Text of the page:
When the Only Seat Is in Front of a Computer. “UCF, like many of Florida’s public institutions, has more qualified applicants than it has room for. To address the issue of overcrowded introductory courses, UCF has opted for a ‘first-come, first-served’ strategy: pile as many students into lecture halls as possible, and use lecture-capture technology to both live stream and record sessions for students who can’t find a seat.”

What Would It Take to Make College Debt-free? “Along with rising college costs, these affordability gaps have become more common–and larger–over time. As per student expenditures and total enrollment have increased, funding education has become more and more difficult for both students and colleges. The maximum Pell Grant available to students has increased, but its purchasing power has fallen sharply. At the same time, states have struggled to sustain per student funding to public institutions in the face of a recession and competing budget priorities. And many institutions – particularly those with small endowments – have insufficient resources to cover the resulting unmet need. These factors have each worked against the goal of providing affordable higher education, even as the population of students enrolling in college has consistently expanded and now includes more low-income and other nontraditional students than ever before.”

Interview With Martin Dougiamas On Changes To Moodle Community This Year. “However, rather than any kind of dictatorship we see our mission as being *servants* to the community of teachers and learners who need Moodle and quality open source Free software. Our core duty is to give away the software we develop. Our values are to support educators with respect, integrity, openness and innovation. … This is in contrast to multi-billion companies whose value is in increasing their EBITDA [earnings before interest, taxes, depreciation and amortization] before a sale, and whose mission is to expand by acquiring markets in other countries.”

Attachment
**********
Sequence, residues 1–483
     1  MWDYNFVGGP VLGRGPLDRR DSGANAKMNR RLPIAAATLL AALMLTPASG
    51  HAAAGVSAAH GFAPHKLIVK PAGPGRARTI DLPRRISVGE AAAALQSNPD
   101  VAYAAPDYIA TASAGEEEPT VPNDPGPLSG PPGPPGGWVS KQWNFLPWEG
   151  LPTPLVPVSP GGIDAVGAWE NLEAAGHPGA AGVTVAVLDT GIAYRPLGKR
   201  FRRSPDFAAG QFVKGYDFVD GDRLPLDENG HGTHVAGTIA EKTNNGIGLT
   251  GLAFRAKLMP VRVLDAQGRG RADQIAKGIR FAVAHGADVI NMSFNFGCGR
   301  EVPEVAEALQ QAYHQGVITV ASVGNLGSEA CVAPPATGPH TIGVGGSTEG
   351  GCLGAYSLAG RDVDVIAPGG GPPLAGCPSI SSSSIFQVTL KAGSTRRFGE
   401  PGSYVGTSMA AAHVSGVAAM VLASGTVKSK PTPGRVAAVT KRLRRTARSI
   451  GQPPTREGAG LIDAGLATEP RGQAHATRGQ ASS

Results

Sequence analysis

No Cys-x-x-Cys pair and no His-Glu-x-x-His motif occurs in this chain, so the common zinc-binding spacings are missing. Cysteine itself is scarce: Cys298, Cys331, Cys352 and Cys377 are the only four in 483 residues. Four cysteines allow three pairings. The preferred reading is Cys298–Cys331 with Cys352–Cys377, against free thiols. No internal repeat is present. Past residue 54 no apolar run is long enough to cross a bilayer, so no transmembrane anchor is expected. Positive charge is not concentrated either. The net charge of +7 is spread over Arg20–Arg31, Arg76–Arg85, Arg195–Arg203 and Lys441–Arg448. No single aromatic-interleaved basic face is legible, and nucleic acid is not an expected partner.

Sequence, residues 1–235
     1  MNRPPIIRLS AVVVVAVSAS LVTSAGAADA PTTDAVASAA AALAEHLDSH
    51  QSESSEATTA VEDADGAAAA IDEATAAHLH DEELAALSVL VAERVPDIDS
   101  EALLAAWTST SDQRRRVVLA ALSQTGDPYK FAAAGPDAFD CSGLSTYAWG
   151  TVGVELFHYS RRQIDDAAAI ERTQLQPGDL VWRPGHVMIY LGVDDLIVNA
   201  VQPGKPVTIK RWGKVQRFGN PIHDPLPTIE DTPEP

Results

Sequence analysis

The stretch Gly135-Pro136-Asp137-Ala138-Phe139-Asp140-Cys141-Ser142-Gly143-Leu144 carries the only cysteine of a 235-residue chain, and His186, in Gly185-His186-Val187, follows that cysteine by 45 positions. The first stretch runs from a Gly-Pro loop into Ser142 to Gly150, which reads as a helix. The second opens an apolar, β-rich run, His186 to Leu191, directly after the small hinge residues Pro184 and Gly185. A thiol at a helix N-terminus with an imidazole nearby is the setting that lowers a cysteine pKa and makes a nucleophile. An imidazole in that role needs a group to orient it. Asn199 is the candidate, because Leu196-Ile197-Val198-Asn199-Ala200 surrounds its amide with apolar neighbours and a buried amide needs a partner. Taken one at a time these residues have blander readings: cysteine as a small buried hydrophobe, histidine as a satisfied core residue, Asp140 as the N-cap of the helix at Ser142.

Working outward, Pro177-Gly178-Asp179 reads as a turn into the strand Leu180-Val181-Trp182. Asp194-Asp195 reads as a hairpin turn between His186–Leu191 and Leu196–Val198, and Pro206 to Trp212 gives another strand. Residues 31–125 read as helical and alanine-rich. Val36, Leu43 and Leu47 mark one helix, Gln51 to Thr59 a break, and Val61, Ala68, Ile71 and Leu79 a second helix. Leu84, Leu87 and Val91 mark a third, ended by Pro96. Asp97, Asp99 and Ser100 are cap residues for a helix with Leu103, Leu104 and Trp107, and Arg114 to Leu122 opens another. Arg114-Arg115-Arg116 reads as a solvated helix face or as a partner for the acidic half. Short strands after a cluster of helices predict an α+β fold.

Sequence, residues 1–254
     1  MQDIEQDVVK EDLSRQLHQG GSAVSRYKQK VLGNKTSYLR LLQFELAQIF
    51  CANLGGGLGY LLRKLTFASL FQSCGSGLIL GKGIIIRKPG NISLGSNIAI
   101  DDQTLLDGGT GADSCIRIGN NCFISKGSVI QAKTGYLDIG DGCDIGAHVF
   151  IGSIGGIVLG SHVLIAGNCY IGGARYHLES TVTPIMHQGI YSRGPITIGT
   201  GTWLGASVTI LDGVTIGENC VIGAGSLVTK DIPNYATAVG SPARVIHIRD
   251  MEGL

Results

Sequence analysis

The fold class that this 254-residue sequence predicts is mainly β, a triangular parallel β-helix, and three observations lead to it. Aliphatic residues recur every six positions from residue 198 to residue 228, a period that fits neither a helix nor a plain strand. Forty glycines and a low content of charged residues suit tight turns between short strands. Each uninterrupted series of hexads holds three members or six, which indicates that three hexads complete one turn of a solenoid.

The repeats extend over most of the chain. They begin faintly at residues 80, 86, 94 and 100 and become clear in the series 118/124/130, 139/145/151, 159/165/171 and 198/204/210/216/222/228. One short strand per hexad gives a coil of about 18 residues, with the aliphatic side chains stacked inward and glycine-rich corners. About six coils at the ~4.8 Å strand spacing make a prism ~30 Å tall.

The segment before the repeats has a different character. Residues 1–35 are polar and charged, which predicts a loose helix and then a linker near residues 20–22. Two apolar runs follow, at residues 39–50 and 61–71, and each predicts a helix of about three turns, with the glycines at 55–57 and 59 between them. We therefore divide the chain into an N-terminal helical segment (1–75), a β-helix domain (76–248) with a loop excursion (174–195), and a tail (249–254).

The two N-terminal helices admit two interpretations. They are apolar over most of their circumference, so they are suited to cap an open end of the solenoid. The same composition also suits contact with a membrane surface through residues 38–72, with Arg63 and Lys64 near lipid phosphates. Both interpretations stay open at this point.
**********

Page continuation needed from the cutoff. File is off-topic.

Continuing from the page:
Breaking: Totara LMS Forks From Moodle And Changes Relationship. “This is a significant move for several reasons, including the following: The long-term relationship of Richard and others in Totara to the Moodle Community, which will now diverge;The importance of corporate learning for many, if not most, Moodle Partners,”

These Videos Could Change How You Think About Teaching. “But the focus of Mr. Wesch’s new site is to talk about the heart of teaching, not the mechanics of his digital experiments. As he put it, he’s interested in encouraging teaching that focuses on ‘transforming the learner.’”

Seeing the Matrix. “I’ve seen a few different ways of managing online classes, but they all (with one clear exception) lead to ‘matrix management,’ or cross-cutting responsibilities that often create diseconomies of scale. In other words, the org chart starts to look like a drawer full of unmatched socks, and the resulting conflicts wind up consuming far more organizational resources than they should.”